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were previously reported in ticks, cattle, and horses in these same regions (Mghirbi et al., 2008; 2010). Two ovine piroplasms were also detected; T. ovis, also found in the animals blood, and B. motasi, which was not detected in the blood samples and had never been reported in Tunisia before. By contrast, B. motasi was reported in other North African countries (Algeria, Morocco and Libya), associated with severe clinical cases in sheep and goats (Mahin et al., 1984; Euzby, 1990; Friedhoff, 1997). Haemaphysalis ticks are the natural vector of this Babesia species (Uilenberg, 1997). Although ticks of this genus are known to exist in Tunisia, none were found during this survey, probably because the period of their peak activity is the fall (November-October) (Bouattour et al.,
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the period when this tick species is at peak activity (Bouattour et al., 1999). In

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1999). Alternatively, R. turanicus might be a vector for this Babesia (Darghouth, 2004). The infection of R. bursa and R. turanicus ticks by T. equi was expected since Rhipicephalus ticks are the acknowledged vectors of T. equi and B. caballi (Darghouth, 2004). T. buffeli was the most frequently found piroplasm in tested ticks. This result concurs with the high prevalence of this non-pathogenic Theileria species in cattle and ticks (R. bursa, R. turanicus, R. (Boophilus) annulatus, Haemaphysalis punctata and Ixodes ricinus) in Tunisia (Mghirbi et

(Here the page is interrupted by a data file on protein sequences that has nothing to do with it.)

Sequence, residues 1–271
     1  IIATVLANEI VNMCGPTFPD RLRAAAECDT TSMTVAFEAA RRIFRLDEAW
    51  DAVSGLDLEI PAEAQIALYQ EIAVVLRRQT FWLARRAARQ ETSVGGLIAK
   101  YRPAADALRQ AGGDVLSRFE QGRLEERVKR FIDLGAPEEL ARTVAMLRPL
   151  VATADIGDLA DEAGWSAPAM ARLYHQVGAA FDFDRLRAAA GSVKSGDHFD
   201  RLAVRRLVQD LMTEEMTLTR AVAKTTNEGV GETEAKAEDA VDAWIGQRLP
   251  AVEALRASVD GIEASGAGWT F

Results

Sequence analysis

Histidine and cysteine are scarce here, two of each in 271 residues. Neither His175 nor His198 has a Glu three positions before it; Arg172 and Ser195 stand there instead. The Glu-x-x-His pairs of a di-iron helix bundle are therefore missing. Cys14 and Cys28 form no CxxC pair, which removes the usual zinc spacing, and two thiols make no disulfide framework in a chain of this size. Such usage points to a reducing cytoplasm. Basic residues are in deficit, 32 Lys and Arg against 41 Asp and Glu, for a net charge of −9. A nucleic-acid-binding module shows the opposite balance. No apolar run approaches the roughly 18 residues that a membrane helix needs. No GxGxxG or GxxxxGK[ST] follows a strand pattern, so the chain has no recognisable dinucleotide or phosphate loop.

ticks may be the infected cattle or horses on whose blood the ticks feed. Four ticks showed a mixed profile of different piroplasm species that included double and triple combinations of species from the same genus or both Theileria and Babesia (Table 1). This may have resulted from the infection of ticks that fed on hosts co-infected with various species or on different single infected hosts at different life stages. Surprisingly, mixed infections were not observed in the sheep and goats tested in this study, but were reported in cattle (Mghirbi et al., 2008)

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and horses (data not shown) in the same investigated zones. In conclusion, using RLB with a panel of several piroplasm species-specific

probes, we detected six piroplasm species in healthy small ruminants and in ticks collected from different bioclimatic zones in Tunisia. This information is essential for defining the zones of risk and establishing control measures. Further studies are needed on the economic impact of small ruminant piroplasms and on determining which ticks are their vectors.